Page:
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Grashtel
2007-Sep-01, 01:24 AM
In this thread (http://www.bautforum.com/against-mainstream/63630-life-venus-bugging-us.html) the OP has gone off on a tangent about how ey believes Velikovsky's version of the history of the solar system is the correct one, this has got me wondering as to just how much energy it would take to create the events the Velikovsky claims:

Ejecting Venus from Jupiter into a cometary orbit.

Venus (while on its "cometary orbit") Being captured into orbit around Earth and then breaking away again.

Venus knocking Mars into an Earth crossing orbit.

Mars going into its current orbit.

Venus entering its current orbit.

(oh and before anyone wonders if I believe in Velikovsky I don't)

Nowhere Man
2007-Sep-01, 02:03 AM
Carl Sagan did some analysis along these lines in his Velikovsky chapter of Broca's Brain. I don't have it handy, but the IIRC just the energy required to eject Venus from Jupiter would have vaporized Jupiter.

Fred

01101001
2007-Sep-01, 02:15 AM
See topic Disproving Velikovsky (http://www.bautforum.com/questions-answers/46497-disproving-velikovsky.html)

Leads to some Sagan calculations, I think, as well as BAUT-member criticism.

Recounting of 1974 AAAS Meeting (http://www.jerrypournelle.com/science/velikovsky.htm#Morrison2) from topic More Velikovskian orbital mechanics and physics insight.... (http://www.bautforum.com/questions-answers/49035-more-velikovskian-orbital-mechanics-physics-insight.html)

There's probably more to be had by searching BAUT for Velikovsky. I only looked at a couple threads.

astromark
2007-Sep-01, 04:34 AM
Once again this 'Velikovsky' fellow get publicity he does not deserve.
If I were researching data for a fiction novel then I might be tempted to use some of Velikovsky's ideas, but only if I wanted it to be a sensationally unrealistic with a high improbability factor. You can perhaps detect that I do not tolerate this explanation of dynamics for our solar system. Its just rubbish. Not even good fiction.

Tim Thompson
2007-Sep-01, 04:52 AM
Ejecting Venus from Jupiter into a cometary orbit.
A simple answer is to calculate the kinetic energy (1/2 mv2) of something with the mass of Venus (4.8685x1024 kg) travelling at the Jovian escape velocity (59.5 km/sec). I get 1.7x1034 Joules (J). That translates into 4.2x1018 megatons, for all of you H-bomb fans, and is equal to 512 days of total solar energy output (3.8x1024 J/sec). That's a lot of energy, but it is still only part of the problem, because it is the energy required to lift Venus from the "surface" of Jupiter. If Venus is not sitting on Jupiter, but has to be ejected from inside Jupiter, then you need to worry a lot about the viscosity if whatever resisting medium Venus has to get through on the way out. It strikes me as fair to say that this is a really unlikely thing to happen.


Venus (while on its "cometary orbit") Being captured into orbit around Earth and then breaking away again. ... Venus knocking Mars into an Earth crossing orbit. ... Mars going into its current orbit. ... Venus entering its current orbit.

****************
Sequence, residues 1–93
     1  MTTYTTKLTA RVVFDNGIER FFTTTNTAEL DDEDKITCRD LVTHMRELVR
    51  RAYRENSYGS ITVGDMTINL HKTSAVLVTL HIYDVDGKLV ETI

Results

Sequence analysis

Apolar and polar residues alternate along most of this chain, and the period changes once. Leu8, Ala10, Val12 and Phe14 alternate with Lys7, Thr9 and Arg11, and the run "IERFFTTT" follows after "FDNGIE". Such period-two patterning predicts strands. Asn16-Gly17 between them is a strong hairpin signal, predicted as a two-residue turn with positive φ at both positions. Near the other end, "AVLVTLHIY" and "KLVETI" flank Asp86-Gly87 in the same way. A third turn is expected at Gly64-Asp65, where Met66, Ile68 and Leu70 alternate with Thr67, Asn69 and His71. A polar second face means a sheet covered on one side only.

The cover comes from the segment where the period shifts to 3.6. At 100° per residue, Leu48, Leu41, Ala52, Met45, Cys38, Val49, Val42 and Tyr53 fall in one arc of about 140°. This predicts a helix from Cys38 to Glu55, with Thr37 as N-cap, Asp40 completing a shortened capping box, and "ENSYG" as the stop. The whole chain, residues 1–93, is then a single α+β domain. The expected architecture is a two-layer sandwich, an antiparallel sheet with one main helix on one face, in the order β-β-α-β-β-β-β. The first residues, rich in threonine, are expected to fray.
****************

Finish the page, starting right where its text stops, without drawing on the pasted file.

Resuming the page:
In the ejection case, a simple energy calculation gives you a good approximation of the energy you will need. But in the remaining cases listed, it's not so easy as that. Each one of them relies on a chain of events, where each event in the chain is very fussy about things happening just right. For instance, if Venus is going to get "captured" by Earth, it has to be moving slower than the proverbial molasses in January. And since the mass of Venus is 81.5% of the mass of Earth, the two would, if anything, form a true double planet. But unless Venus approached at just the right speed, and at just the right angle, it would flyby and not get captured. Indeed, it is hard enough even for a hunk like Jupiter to capture a measly asteroid. The very idea of Earth & Venus capturing each other is a dynamacists nightmare. And that is equally true for everything on the list, all of them are either outright impossible, or really on the hairy edge of possible, if the ant crawling on either planet will stand still for a while. They are all problems in non-linear dynamics which are frightfully sensitive to initial conditions. Calling the whole lot simply impossible would be very reasonable.

Velikovsky is famous for the solar system "billiards" enshrined in his book Worlds in Collision. But Velikovsky also wrote a small booklet entitled Cosmos Without Gravitation, which I would link to, but the server for it is not responding at the moment. Velikovsky believed that there was no such thing as gravity, and that it was actually just electromagnetism mis-diagnosed. In this booklet he introduced such erudite notions as his attempt to prove that gravity does not exist by virtue of the fact that clouds do not fall out of the sky. As a scientist, Velikovsky was in reality rather pathetic.